KAP (Analyst: Ruan Stander)

At R3.75 for a KAP share, the market offers a top-quality industrial holding company on a 6.7% free cash flow yield, with free cash flow expected to grow strongly over the next 10 years. KAP's major holdings include Unitrans, PG Bison and Hosaf.

Supply chain and logistics solutions provider Unitrans has a great track record of growing profitably by offering reliable service in areas where it is critical. Who would want to save 1% on moving petroleum when everyone knows Unitrans does it safely?
PG Bison, South Africa's leading timber company, is fresh out of a successful restructuring that focuses the group on the most profitable areas in the timber value chain. The savings from these actions have been re-invested into new technology, the benefits of which will be seen for the first time in the next results.

WE EXERT CONSIDERABLE RESEARCH EFFORT IN SEARCHING FOR THESE ‘DIAMONDS IN THE ROUGH'

Hosaf is the country's only manufacturer of PET, the key ingredient used in plastic bottles. A growing market for plastic bottles offers attractive growth opportunities to this business.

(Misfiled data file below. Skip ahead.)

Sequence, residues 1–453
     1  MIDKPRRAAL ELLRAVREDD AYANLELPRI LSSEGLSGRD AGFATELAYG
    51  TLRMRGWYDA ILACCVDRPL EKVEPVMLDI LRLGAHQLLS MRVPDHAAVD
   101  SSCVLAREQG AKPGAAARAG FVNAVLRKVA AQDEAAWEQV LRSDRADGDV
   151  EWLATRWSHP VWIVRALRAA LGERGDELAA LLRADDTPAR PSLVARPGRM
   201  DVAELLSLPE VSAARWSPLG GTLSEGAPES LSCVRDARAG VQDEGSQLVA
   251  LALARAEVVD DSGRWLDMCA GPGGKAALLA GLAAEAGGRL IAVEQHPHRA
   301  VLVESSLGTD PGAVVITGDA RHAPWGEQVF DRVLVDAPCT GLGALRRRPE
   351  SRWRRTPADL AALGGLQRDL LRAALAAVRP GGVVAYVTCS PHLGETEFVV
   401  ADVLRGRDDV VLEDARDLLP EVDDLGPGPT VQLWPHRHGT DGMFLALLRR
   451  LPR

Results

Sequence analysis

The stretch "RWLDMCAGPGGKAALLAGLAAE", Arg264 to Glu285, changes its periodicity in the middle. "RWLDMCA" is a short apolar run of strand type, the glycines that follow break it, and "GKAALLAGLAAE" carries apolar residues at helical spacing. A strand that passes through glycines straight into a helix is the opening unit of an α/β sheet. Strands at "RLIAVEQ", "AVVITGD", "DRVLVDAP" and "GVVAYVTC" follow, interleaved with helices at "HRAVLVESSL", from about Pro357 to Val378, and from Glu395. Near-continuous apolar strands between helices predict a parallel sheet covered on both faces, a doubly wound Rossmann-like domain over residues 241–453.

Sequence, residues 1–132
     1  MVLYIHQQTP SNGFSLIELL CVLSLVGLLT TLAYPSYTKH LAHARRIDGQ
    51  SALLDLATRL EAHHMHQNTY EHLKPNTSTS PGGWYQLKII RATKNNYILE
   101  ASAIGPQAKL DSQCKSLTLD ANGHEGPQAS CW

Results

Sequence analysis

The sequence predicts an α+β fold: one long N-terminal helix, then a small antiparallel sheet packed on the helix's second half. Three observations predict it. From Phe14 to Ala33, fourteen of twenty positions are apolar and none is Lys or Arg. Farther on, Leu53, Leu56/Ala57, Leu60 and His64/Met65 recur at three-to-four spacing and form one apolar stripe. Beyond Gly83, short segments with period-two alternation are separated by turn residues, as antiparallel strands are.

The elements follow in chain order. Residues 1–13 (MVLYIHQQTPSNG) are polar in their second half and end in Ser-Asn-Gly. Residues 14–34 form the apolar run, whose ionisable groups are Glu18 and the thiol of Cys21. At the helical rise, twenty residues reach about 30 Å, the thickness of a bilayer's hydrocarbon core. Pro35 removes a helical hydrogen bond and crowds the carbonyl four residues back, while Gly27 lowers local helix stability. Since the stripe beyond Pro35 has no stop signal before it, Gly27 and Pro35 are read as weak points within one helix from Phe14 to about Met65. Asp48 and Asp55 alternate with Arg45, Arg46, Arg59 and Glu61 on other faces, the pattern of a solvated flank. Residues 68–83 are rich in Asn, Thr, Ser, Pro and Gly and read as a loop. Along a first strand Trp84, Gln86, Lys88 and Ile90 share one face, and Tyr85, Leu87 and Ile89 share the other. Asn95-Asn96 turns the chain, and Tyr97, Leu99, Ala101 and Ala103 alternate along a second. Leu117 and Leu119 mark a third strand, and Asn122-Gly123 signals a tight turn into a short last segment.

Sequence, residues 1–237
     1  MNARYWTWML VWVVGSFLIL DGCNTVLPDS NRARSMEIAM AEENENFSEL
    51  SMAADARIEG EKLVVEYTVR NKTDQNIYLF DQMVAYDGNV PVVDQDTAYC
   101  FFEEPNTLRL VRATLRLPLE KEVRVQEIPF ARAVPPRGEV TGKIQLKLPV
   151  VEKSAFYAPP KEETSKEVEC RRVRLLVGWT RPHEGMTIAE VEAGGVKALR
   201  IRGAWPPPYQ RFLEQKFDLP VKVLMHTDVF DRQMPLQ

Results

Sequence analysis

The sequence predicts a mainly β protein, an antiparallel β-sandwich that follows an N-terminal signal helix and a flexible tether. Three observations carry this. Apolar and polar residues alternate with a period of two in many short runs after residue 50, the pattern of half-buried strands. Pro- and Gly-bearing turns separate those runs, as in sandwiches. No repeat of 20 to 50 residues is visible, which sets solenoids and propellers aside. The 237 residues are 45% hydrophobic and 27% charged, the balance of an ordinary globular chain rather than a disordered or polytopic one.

Net1 UEPS Technologies (Analyst: Ian Liddle)

Since winning the national tender for the distribution of social grants, Net1 has registered nearly 22 million social grant beneficiaries and recorded their biometric data. The company is now responsible for paying over R9 billion rand every month to grant recipients on behalf of the South African government. Grant recipients are able to draw this monthly grant from Net1's cash payment points in rural areas, ATMs or from POS machines in retail stores. Net1's biometric verification technologies are already resulting in substantial savings for the government through reduction of fraud. These savings could amount to billions of rands per year. Although the company will have to re-tender for the national contract within the next four years, it will have a substantial competitive advantage over any potential competitor. Net1 is developing a formidable track record of successfully implementing reliable and robust technology, which comfortably handles millions of transactions, both on- and offline. Any new provider would have to make substantial investments in setup costs, which are now behind Net1.

Why is the share trading for just 7x forward earnings? The losing bidder in the national tender process (an Absa subsidiary) has challenged the outcome of the tender through the courts all the way to the Constitutional Court. Different judges have made conflicting rulings as the matter has progressed. This creates considerable uncertainty. It is possible that the Constitutional Court will make an extremely adverse ruling for Net1 (a final ruling is still outstanding at the time of writing), in which case the share will be a disappointing investment. But on a balance of probabilities (taking into account the vital role Net1 performs in distributing cash to needy South Africans), we believe Net1 is attractively priced. The risk of an adverse ruling is mitigated by limiting the position size in our clients' portfolios.